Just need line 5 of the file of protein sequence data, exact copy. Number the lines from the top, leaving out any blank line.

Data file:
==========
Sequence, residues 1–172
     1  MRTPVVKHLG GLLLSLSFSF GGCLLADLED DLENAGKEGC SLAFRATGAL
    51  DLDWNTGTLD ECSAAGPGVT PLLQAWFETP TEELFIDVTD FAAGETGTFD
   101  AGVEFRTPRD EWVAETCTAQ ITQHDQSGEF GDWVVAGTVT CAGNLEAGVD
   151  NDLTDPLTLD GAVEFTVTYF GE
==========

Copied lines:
   151  NDLTDPLTLD GAVEFTVTYF GE